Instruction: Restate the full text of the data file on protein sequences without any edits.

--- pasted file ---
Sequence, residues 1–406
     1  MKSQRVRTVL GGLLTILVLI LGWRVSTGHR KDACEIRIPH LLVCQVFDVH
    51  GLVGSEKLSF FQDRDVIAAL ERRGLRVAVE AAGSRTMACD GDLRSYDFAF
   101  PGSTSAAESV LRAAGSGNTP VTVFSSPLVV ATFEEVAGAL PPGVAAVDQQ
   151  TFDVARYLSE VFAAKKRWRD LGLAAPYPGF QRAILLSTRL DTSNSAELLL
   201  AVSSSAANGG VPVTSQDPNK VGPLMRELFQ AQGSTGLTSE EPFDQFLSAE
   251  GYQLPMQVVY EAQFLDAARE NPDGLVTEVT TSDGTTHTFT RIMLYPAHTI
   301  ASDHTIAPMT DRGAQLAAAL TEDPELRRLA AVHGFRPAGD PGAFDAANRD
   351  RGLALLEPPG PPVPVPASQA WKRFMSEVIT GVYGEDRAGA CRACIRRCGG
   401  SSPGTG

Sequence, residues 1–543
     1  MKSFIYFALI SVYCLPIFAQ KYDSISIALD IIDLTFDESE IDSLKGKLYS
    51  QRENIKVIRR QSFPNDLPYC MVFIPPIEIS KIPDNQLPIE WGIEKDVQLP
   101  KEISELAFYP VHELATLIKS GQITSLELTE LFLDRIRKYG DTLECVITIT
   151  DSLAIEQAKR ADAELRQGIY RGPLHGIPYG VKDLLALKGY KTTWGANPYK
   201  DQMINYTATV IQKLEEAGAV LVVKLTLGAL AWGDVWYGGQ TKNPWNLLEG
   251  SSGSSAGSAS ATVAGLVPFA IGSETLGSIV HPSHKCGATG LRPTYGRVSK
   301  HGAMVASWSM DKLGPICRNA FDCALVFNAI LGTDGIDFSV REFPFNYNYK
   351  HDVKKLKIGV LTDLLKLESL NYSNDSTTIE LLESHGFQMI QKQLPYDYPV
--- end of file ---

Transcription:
Sequence, residues 1–406
     1  MKSQRVRTVL GGLLTILVLI LGWRVSTGHR KDACEIRIPH LLVCQVFDVH
    51  GLVGSEKLSF FQDRDVIAAL ERRGLRVAVE AAGSRTMACD GDLRSYDFAF
   101  PGSTSAAESV LRAAGSGNTP VTVFSSPLVV ATFEEVAGAL PPGVAAVDQQ
   151  TFDVARYLSE VFAAKKRWRD LGLAAPYPGF QRAILLSTRL DTSNSAELLL
   201  AVSSSAANGG VPVTSQDPNK VGPLMRELFQ AQGSTGLTSE EPFDQFLSAE
   251  GYQLPMQVVY EAQFLDAARE NPDGLVTEVT TSDGTTHTFT RIMLYPAHTI
   301  ASDHTIAPMT DRGAQLAAAL TEDPELRRLA AVHGFRPAGD PGAFDAANRD
   351  RGLALLEPPG PPVPVPASQA WKRFMSEVIT GVYGEDRAGA CRACIRRCGG
   401  SSPGTG

Sequence, residues 1–543
     1  MKSFIYFALI SVYCLPIFAQ KYDSISIALD IIDLTFDESE IDSLKGKLYS
    51  QRENIKVIRR QSFPNDLPYC MVFIPPIEIS KIPDNQLPIE WGIEKDVQLP
   101  KEISELAFYP VHELATLIKS GQITSLELTE LFLDRIRKYG DTLECVITIT
   151  DSLAIEQAKR ADAELRQGIY RGPLHGIPYG VKDLLALKGY KTTWGANPYK
   201  DQMINYTATV IQKLEEAGAV LVVKLTLGAL AWGDVWYGGQ TKNPWNLLEG
   251  SSGSSAGSAS ATVAGLVPFA IGSETLGSIV HPSHKCGATG LRPTYGRVSK
   301  HGAMVASWSM DKLGPICRNA FDCALVFNAI LGTDGIDFSV REFPFNYNYK
   351  HDVKKLKIGV LTDLLKLESL NYSNDSTTIE LLESHGFQMI QKQLPYDYPV